Shadow in the Cloud

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My mum asked me if I wanted to see Shadow in the Cloud with her. “I don’t think Dad would be interested.” At the time, I had just lost my fifth match of competitive Overwatch in a row, and I thought the distraction would be nice. So I said, “Sure.”

“Have you seen the trailer?” she asked. “No,” I replied, “but what I’ve seen of it, it kinda looks like a trash film.”

I meant that somewhat endearingly. People who know me well, know that I absolutely adore trash films like Hobbs and Shaw and The Meg. They’re both legitimately awesome and two of my favourite films. And besides, I didn’t actually know anything about Shadow in the Cloud, so maybe it wouldn’t actually be trash.

Hello, Chloë Grace Moretz 😉

Well, it wasn’t trash. It was great trash. There might have been one or two moments where the movie decided to ignore physics, but they were awesome moments and I loved them as much as the rest of the movie.

The opening scene both surprised me in how well it set everything up, and also the credit that it was funded by the New Zealand Film Commission. That’s right, Shadow in the Cloud was written and directed by Chinese-Kiwi Roseanne Liang. Her first foray into writing/directing a Hollywood blockbuster, and since seeing this, I really want her to do more.

Don’t see the trailer. As with all movies of this type, the trailers ruin everything.

So what kind of movie did she write? We meet Flight Officer Maude Garrett (played by Chloë Grace Moretz), a female pilot and mechanic in World War II. She’s got a confidential package that needs to be escorted to Samoa. So she jumps on board American bomber The Fool’s Errand, much to the crew’s confusion and indignation. Cue war-time misogynistic comments, dog fights, and strange alien creatures attacking the plane. Perfect ingredients for a decent popcorn movie!

This is where people may disagree with my comment that the writing is great. I think it is. It’s wonderful. The first half of the movie is just Garrett sitting alone in the sperry (the ball turret on the bottom of warplanes) and talking to all the other characters via radio comms. It makes for some excellent suspense and great character building. The second half turns away from the horror/suspense and becomes more action packed, but the tension somehow continues to rise. And it made for a most enjoyable ride.

Shadow in the Cloud was a flipping fun movie about a competent woman who kicks ass. Forget Wonder Woman and Captain Marvel. Flight Officer Maude Garrett is who I want to be.

I don’t want to say much else about the movie. I’m dying to celebrate with someone the fricken last thing Garrett does (it’s just – yes. Yes. I am so, so, so glad they did that, and the whole movie is almost worth it for that). But I’ll add that the soundtrack is an absolute delight. It’s what the Wonder Woman 1984 soundtrack should have been. That awesome 80’s synthwave threaded through with sick rock was a joy to listen to every second it was on.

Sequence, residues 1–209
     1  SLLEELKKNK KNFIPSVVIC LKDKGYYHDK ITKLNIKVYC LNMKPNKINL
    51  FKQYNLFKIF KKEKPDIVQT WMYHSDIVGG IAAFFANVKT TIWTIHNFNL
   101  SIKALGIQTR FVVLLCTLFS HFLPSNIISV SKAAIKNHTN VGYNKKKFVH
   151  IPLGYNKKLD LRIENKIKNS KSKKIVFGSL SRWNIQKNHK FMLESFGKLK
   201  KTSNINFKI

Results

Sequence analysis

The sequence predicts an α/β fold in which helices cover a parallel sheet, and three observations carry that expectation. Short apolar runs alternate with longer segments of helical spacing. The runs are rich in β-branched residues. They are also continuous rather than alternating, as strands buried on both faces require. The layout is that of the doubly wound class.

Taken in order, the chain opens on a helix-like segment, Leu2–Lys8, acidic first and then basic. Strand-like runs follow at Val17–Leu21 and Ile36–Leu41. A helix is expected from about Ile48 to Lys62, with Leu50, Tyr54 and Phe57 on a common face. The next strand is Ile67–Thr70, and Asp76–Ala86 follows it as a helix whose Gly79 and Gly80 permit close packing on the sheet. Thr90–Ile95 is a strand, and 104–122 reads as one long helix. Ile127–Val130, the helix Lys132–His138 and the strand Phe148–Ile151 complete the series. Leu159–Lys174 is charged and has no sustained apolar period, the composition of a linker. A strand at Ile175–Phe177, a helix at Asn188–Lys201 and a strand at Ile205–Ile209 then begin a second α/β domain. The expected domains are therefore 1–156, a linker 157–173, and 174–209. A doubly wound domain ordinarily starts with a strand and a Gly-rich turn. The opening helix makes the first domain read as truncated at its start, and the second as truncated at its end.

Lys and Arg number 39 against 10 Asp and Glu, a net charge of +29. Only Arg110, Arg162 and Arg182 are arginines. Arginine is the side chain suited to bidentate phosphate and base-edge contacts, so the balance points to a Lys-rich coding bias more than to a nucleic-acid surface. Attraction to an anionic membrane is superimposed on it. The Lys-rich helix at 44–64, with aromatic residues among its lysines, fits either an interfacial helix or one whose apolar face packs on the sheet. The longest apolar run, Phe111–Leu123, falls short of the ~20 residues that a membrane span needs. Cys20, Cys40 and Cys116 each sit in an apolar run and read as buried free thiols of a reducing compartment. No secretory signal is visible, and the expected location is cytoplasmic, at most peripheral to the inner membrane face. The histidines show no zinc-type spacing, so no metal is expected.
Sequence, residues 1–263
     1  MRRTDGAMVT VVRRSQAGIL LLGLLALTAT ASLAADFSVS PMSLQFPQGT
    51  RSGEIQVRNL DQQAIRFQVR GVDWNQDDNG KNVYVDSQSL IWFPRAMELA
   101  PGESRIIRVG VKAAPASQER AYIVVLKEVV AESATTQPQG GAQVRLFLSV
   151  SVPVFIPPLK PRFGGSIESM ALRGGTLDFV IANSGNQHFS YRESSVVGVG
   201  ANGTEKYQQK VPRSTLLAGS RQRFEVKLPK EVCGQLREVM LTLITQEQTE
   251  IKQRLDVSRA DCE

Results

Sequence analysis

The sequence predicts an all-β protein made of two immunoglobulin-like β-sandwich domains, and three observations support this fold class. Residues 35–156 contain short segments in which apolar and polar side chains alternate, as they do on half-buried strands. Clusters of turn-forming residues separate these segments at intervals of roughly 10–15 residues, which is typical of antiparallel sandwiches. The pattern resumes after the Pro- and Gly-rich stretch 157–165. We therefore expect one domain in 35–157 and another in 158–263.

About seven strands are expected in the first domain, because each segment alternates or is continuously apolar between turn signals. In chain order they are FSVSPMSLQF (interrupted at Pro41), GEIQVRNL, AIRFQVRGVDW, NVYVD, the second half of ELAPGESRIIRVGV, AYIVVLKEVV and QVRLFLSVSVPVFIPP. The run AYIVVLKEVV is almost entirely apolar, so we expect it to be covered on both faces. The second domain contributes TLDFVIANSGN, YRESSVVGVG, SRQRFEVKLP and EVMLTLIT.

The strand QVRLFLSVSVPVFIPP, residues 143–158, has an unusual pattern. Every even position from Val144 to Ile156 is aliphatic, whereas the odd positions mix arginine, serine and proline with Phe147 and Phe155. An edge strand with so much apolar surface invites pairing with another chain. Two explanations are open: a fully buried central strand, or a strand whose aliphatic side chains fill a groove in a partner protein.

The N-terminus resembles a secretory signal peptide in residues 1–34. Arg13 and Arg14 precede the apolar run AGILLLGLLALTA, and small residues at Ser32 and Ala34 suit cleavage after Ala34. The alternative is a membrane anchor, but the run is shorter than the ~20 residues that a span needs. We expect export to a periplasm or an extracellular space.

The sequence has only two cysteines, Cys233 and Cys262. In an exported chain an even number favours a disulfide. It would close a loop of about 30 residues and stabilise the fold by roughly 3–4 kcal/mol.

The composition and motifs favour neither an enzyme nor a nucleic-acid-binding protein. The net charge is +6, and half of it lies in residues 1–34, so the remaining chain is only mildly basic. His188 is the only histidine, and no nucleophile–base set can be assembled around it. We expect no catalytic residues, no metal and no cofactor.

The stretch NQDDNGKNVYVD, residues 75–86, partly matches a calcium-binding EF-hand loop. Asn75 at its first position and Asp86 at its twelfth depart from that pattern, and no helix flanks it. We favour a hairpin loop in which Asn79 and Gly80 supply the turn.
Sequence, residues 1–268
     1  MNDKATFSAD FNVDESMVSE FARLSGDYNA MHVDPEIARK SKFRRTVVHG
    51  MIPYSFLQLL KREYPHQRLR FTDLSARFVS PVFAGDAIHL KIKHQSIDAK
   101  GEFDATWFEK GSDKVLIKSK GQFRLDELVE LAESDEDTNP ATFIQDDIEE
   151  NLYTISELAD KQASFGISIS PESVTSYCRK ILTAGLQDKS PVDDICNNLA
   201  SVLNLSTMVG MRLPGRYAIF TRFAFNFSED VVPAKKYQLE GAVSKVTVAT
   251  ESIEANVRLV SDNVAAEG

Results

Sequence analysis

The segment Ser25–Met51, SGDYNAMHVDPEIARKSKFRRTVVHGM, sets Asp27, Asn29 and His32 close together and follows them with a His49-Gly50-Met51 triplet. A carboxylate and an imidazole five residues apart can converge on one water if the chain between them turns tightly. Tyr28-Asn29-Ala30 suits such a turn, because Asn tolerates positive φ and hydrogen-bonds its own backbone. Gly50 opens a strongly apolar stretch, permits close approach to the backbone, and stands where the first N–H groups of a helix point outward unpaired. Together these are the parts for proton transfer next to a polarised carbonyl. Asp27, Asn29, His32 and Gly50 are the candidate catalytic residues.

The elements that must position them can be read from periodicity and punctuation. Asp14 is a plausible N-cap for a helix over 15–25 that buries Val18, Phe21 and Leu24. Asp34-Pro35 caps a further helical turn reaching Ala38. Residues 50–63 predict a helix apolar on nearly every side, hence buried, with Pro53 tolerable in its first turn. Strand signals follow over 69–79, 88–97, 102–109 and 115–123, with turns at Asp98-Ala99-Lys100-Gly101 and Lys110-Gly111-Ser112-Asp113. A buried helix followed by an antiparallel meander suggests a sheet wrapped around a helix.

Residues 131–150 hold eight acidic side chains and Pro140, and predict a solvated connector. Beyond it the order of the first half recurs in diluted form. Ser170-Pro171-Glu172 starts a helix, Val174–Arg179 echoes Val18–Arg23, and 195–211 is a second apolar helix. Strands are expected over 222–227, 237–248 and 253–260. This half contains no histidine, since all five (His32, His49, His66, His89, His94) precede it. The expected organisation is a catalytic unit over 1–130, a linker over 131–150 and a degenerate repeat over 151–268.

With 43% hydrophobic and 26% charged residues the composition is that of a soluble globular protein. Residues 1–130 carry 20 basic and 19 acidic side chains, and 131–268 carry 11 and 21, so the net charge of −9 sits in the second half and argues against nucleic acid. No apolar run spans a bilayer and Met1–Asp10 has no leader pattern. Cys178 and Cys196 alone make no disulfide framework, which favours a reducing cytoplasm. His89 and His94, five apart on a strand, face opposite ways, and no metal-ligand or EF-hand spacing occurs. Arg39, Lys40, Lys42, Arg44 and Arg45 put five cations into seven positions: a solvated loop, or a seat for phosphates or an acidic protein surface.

Oh, and Shadow in the Cloud’s music was composed by Māori composer Mahuia Bridgman-Cooper. I don’t know where the CG plane stuff was filmed, but there’s definitely a West Coast beach in there. So yes, this is a Kiwi-made film. 

Look at that beautiful Kiwi beach

You can’t watch Shadow in the Cloud without seeing the social commentary. I personally think it played it pretty well. I’ve seen other films sit this kind of feminist message right in front of the audience and then spell it out to them like they’re toddlers.

But in Shadow in the Cloud, I felt the sexism was written to be experienced, rather than told about and told off for. That, and Garrett felt like a real woman, rather than some superhuman like Princess Diana or Rey.

I mean, she makes a couple of stupid decisions, but they’re not frustrating stupid decisions like in most horror films. She at least executes the stupid decisions pretty well.

Other than being a bit of a b-grade film, the biggest thing that dragged it down, was the green screening of the one scene outside the plane. It was pretty bad, to be honest, but that somehow didn’t take away from any tension the movie was trying to build, so not a lot was lost from it. Unless you’re super anal about that kind of thing, in which case there can’t be too many action films you would be able to enjoy throughout. But I digress.

As I left the cinema, I told Mum I was proud Shadow in the Cloud was a New Zealand film. And even now as I see the average score on Metacritic is 66/100 (which is pretty positive, to be fair!), I stand by that comment.

There’s not a lot going on in the cinemas at the moment. I know I haven’t been because there haven’t really been any interesting films out for a while. But this one. This one I would recommend you see. Don’t watch the trailer. Go in blind. See it with someone who would appreciate a stupid fun (but fun mainly because it’s pretty stupid tense) action movie. I certainly didn’t regret going. And without a shadow of a doubt, I would go see it again.



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